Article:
Depression and Alcohol Use – Not a Good Combination

Depression and Alcohol Use – Not a Good Combination

Depression and alcohol use are not a good combination. Both cause changes in the brain, and both can make the other condition worse.

Depression and the Alcohol Use Connection

Depression and the alcohol misuse connection is not generally understood.

Depression and the alcohol misuse connection is not generally understood. Both cause brain changes.

Suffering from depression and its accompanying feelings of sadness, loneliness, restlessness and the like is often a reason a person elects to drink in the first place. Alcohol triggers the brain’s dopamine reliant pleasure/reward pathways, which are the pathways that facilitate a person’s ability to experience joy, happiness, pleasure. Unfortunately, alcohol is also a depressant. Thus the alcohol can exacerbate the symptoms a person feels as a consequence of their depression. Not only that, but mental illness, such as depression, is one of the key risk factors for developing an addiction and the road to addiction (alcoholism) is a progression, moving from alcohol use to abuse to dependence (an addiction to alcohol). [To understand the progression, check out this link, “Alcoholism is a Disease and It’s Not Alcohol Abuse.”]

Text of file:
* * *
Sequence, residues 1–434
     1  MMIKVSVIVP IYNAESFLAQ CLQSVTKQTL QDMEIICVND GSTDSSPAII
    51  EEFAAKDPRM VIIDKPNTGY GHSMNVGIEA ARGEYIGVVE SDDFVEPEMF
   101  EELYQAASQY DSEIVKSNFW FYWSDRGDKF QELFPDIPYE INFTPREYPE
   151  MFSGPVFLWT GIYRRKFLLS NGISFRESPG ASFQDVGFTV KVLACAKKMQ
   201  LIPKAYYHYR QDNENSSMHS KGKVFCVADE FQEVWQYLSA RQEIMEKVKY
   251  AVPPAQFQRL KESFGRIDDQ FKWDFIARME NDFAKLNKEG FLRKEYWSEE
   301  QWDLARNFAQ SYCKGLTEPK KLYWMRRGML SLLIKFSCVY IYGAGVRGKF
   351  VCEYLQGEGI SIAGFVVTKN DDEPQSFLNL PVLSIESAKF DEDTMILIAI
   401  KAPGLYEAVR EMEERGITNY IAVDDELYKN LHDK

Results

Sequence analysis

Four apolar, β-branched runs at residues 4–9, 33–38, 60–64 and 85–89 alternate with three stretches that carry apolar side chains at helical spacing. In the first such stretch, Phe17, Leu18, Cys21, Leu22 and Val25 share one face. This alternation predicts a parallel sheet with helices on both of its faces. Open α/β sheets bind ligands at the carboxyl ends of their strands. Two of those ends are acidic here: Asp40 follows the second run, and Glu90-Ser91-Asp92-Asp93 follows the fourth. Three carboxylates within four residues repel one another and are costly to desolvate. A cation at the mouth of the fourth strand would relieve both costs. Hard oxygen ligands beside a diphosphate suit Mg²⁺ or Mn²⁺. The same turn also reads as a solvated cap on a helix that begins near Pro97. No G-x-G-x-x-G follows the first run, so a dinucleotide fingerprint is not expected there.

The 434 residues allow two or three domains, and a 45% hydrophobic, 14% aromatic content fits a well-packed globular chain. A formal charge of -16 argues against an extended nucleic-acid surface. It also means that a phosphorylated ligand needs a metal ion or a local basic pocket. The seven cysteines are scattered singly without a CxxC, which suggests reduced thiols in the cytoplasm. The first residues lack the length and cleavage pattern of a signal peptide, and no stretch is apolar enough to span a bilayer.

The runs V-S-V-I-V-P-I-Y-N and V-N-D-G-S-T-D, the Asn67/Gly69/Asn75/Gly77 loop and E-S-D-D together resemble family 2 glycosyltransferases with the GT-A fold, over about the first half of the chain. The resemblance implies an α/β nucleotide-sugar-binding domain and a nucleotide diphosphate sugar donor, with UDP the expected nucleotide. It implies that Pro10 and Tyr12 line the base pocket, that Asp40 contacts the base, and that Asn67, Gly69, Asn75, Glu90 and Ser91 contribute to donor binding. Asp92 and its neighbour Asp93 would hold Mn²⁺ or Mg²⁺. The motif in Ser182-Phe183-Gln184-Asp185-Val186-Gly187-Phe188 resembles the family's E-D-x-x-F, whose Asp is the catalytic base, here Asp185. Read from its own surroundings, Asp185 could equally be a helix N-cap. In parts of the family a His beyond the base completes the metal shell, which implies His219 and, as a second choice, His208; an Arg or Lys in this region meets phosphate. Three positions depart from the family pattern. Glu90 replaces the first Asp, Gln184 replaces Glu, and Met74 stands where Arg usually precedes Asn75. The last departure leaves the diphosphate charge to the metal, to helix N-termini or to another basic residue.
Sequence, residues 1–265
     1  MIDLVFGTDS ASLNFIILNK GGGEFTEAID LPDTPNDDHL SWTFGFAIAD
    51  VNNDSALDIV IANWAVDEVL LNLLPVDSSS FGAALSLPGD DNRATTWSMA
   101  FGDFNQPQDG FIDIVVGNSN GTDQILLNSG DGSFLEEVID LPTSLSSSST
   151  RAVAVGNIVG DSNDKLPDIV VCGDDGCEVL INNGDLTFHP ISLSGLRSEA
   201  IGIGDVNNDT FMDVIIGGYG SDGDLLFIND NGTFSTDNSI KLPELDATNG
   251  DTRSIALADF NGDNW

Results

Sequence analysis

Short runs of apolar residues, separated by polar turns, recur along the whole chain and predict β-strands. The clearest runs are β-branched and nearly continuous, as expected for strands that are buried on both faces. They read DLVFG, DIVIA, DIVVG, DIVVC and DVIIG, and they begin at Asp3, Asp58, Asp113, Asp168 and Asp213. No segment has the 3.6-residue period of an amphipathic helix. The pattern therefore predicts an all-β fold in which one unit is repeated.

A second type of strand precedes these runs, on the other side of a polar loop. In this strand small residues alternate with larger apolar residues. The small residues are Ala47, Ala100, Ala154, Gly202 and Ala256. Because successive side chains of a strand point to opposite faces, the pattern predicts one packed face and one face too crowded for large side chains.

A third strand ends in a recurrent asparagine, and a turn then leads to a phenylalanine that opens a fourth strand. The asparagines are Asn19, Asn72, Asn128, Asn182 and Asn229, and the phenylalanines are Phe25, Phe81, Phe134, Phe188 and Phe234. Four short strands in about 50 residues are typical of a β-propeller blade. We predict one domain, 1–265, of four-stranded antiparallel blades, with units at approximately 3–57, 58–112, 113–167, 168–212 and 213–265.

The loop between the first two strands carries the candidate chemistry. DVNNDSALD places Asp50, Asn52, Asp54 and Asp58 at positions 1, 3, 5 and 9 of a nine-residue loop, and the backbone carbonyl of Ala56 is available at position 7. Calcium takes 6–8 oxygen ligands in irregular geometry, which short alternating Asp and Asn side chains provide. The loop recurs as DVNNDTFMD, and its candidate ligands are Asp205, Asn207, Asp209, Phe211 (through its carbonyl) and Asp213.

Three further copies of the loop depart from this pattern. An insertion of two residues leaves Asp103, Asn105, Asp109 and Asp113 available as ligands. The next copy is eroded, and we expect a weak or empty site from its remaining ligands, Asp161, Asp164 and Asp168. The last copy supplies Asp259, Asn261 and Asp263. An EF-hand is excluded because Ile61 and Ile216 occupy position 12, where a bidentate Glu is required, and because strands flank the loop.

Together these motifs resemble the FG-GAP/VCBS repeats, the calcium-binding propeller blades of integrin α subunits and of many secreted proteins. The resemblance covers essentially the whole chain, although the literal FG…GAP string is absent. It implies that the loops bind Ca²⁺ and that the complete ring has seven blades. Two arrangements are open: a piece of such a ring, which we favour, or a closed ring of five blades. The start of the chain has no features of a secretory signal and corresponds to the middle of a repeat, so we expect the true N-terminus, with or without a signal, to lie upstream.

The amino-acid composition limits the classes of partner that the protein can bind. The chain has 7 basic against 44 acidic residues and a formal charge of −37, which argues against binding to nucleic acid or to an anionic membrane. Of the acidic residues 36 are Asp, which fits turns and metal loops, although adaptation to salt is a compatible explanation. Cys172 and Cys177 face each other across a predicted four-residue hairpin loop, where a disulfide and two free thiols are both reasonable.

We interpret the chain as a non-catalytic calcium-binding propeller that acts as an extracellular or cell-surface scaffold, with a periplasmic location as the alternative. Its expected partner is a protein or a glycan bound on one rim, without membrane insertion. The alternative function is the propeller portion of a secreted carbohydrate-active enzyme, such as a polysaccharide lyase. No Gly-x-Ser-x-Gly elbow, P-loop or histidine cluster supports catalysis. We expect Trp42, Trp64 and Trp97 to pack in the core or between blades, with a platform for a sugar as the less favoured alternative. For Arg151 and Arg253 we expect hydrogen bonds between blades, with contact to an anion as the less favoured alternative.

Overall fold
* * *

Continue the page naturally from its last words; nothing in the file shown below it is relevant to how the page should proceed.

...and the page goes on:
As with the stigma and shame that surrounds drinking too much and not being able to control or cut back on one’s drinking, depression carries a huge amount of stigma and shame, as well. Often, friends and family will chide a loved one who seems depressed to get up, get going, get out, do something. Often friends and family will chide a loved one who drinks too much to stop, to cut back, to only drink on holidays, to get it under control. Clinical depression, alcohol abuse and alcoholism all cause brain changes – they actually change the way the brain works. For this reason, it’s impossible for the person experiencing either or both to “Just Do It!” until they “fix” their brain – in other words, treat their depression, truly change their drinking patterns to fall within low-risk limits and/or treat their alcoholism. In all three cases – the earlier treatment (change) is begun, the better.